Tukurua House

Published: Friday, 6 December 2019 at 10:33:00 AM

This grand limestone house at 7 Rosendo Street is set back on a large block on the corner of Marine Parade, and was built at the end of the 19th Century. It is an example of the large houses which were common in the area during a time of wealth and prosperity. Originally built as a summer residence for the Honorable Septimus Burt and his family who were a prominent Perth residents at the turn of the century. Septimus Burt became the first Attorney General in the first responsible government in Western Australia.

 Tukurua House

The original contractor for the house was Bunning Brothers. Further work was carried out between by 1901 to 1904, including the addition of a second storey, by the famous Architect and local Cottesloe resident at the time, J. Talbot Hobbs. The house remained in the family until 1933 when it was leased to Mr and Mrs Cass who operated a boarding house there. By 1939 the couple were in a position to purchase the property. The house was used to accommodate refugees from Singapore during World War 2, the property being divided into separate apartments complete with bathrooms and kitchens.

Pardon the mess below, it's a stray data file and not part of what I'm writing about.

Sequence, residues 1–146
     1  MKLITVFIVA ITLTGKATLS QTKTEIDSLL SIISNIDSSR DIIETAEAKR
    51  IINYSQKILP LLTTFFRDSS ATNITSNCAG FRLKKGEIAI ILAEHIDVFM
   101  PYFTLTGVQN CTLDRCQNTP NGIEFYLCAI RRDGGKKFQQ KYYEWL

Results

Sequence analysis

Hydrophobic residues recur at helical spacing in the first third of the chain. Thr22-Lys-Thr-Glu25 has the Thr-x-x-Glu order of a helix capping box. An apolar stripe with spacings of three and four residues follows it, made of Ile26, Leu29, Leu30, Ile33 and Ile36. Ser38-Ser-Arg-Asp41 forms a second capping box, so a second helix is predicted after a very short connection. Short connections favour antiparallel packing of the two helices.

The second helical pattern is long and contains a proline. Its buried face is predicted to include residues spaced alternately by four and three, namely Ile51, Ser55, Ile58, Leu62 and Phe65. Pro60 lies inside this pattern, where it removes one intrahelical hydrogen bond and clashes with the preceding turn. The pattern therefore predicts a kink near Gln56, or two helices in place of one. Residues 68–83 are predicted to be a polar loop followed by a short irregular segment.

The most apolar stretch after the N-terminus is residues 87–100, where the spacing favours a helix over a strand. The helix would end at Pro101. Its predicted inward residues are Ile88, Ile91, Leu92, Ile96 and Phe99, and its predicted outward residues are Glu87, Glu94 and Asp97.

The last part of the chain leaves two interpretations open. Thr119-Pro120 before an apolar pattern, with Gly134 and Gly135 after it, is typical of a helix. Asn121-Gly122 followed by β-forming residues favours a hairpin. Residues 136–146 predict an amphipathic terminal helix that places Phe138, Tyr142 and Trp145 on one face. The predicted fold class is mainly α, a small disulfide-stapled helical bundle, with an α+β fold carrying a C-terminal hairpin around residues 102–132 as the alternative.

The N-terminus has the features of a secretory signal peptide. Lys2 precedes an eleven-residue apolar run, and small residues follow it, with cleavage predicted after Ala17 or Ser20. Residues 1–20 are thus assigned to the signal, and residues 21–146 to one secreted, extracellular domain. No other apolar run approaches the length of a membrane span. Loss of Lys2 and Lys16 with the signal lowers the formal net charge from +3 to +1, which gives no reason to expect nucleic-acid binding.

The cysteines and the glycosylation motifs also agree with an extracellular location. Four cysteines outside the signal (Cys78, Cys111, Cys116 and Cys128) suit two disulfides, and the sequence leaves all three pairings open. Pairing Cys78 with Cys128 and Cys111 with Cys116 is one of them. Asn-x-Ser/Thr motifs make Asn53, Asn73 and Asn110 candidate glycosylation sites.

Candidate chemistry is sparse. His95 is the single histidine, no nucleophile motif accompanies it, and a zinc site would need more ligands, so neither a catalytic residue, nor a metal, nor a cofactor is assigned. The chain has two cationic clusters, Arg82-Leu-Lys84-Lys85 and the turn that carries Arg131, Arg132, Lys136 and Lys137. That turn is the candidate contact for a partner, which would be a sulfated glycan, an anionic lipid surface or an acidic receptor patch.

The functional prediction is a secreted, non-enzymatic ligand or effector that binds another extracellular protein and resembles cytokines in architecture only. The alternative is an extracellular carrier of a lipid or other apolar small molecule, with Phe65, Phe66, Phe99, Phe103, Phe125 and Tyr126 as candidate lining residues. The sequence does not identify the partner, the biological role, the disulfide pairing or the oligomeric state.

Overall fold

The house was not returned to its original layout after the war and was inherited by Mrs Cass’ daughter Dorothy with a clause that the house should not be altered in any way thereby ensuring retention of the original features. The house was classified by the National Trust of Australia in 1979 and entered the Register of the National Estate in 1982. Dorothy lived at the property until 1993 when she was moved to a care facility but her long time friend Mr Ted Smith remained. He lived in a small portion of the house, clearing the rest of the rooms and closing up the rest of the property. Upon Mrs Cass’ death the house was bequeathed to Mr Smith who lovingly restored the property in the early 2000s. Mining Magnate Andrew Forrest bought and developed the property in 2015.

Back to All News